While some American Muslims have their reservations, others are excited that established labels are taking an interest in the community.
Tommy Hilfiger and DKNY are just a few recognisable name brands to offer what they describe as Ramadan collections, with a few US designers now offering specific ranges in the Middle East during this holy month.
But some Muslims in the US have reservations about brands marketing these designs as Ramadan fashion. “Ramadan itself represents something so much different and pulls away a little bit from the desire of shopping and shopping a little too much,” said Mariana Aguilera Allam, a fashion writer.
However many Muslim Americans see this attention from the big designers as a positive step. American labels may be pushing so-called Ramadan fashion overseas, but Muslim designers say there is a demand for it in the United States too. They say the American Muslim population is a demographic that has been largely untouched.
And with the American Muslim Consumer Consortium estimating the spending power of American Muslims to be around US$100 billion, many feel brands are missing out on a clear opportunity.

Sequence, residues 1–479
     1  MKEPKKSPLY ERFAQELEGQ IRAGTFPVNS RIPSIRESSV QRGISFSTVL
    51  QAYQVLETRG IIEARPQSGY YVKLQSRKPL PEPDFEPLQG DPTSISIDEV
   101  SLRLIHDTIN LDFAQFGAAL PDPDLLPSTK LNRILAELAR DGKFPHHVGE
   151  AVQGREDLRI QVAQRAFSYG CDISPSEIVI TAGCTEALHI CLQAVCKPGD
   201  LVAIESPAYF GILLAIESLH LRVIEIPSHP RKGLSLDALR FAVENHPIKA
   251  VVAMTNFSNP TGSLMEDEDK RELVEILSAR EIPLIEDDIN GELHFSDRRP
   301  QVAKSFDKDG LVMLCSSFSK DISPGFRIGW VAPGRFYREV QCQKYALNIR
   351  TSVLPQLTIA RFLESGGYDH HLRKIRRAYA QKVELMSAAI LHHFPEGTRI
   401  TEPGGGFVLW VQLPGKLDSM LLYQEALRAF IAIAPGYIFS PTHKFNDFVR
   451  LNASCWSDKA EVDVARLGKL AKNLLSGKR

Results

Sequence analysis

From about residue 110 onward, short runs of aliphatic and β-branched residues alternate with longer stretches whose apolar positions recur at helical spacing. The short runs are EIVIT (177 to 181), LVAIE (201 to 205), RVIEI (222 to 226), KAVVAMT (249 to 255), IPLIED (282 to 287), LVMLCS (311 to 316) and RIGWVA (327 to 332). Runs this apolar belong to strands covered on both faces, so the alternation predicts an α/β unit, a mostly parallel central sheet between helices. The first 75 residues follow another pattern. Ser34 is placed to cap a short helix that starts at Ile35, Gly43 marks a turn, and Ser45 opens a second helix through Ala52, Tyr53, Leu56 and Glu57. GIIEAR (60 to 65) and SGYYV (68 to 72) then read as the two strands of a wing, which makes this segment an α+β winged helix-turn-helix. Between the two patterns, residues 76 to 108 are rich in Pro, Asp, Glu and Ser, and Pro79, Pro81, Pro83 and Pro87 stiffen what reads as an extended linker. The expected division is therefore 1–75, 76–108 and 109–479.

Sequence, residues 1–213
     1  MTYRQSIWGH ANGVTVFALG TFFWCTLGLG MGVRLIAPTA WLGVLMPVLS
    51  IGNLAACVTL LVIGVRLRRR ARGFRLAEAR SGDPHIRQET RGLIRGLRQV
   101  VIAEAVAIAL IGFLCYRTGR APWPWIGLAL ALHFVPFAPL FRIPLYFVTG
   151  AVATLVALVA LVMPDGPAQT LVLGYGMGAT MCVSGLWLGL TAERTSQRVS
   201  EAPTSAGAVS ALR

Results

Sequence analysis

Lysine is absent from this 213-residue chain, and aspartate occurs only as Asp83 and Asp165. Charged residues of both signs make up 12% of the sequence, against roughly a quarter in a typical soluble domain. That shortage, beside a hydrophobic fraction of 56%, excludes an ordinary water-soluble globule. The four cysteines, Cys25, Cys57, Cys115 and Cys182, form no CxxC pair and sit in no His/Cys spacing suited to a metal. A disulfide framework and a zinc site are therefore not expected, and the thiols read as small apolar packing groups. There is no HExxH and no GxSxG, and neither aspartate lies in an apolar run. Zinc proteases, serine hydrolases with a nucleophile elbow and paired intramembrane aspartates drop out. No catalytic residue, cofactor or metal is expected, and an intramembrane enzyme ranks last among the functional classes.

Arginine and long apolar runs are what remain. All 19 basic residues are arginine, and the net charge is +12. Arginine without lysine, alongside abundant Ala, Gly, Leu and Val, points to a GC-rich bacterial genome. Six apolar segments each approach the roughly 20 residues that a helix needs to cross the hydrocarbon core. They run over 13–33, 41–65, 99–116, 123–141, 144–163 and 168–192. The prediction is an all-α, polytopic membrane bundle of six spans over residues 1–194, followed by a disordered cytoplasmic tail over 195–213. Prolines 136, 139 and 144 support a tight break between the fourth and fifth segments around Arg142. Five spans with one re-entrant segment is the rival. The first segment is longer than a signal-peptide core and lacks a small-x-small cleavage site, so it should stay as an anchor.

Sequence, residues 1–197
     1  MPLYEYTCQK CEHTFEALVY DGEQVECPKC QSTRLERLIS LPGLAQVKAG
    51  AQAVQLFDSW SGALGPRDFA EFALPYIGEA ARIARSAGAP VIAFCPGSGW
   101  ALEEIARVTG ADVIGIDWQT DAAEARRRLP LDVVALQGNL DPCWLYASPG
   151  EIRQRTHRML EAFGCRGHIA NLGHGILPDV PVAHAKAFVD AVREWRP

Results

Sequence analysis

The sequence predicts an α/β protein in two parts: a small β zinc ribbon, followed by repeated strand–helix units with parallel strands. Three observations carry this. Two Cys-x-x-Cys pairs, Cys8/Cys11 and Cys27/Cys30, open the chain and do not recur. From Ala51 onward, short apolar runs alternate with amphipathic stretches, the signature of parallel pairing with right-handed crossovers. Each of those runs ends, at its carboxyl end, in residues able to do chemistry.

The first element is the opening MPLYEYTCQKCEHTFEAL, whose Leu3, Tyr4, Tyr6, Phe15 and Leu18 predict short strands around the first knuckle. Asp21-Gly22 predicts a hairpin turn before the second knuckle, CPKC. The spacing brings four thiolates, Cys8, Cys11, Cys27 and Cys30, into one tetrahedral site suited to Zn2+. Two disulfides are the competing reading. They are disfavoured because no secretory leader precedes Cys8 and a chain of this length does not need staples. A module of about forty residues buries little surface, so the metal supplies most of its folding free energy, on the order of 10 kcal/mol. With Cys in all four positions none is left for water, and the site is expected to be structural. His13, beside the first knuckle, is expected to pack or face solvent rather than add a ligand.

“We don’t want to go overboard and spend a couple thousand dollars for one outfit like they do in the Middle East,” said Sabiha Ansari, co-founder, American Muslim Consumer Consortium. “That’s what these brands are targeting right now. What we’re after is a little more reasonably priced.”
This gap in the US market is why Umiyan Muedin set up her Turkish-inspired fashion range Guzel in 2013. Travelling back to Turkey several times a year for inspiration she said the Turkish styles are not just popular with Muslim Americans.
“You don’t have to wear a headscarf solely on your head,” she said. “You can wear it as a neck piece, as a regular scarf. It can give a really nice touch to an outfit.” Now as many Muslim Americans welcome this latest interest from US brands they hope this momentum continues long after Ramadan ends.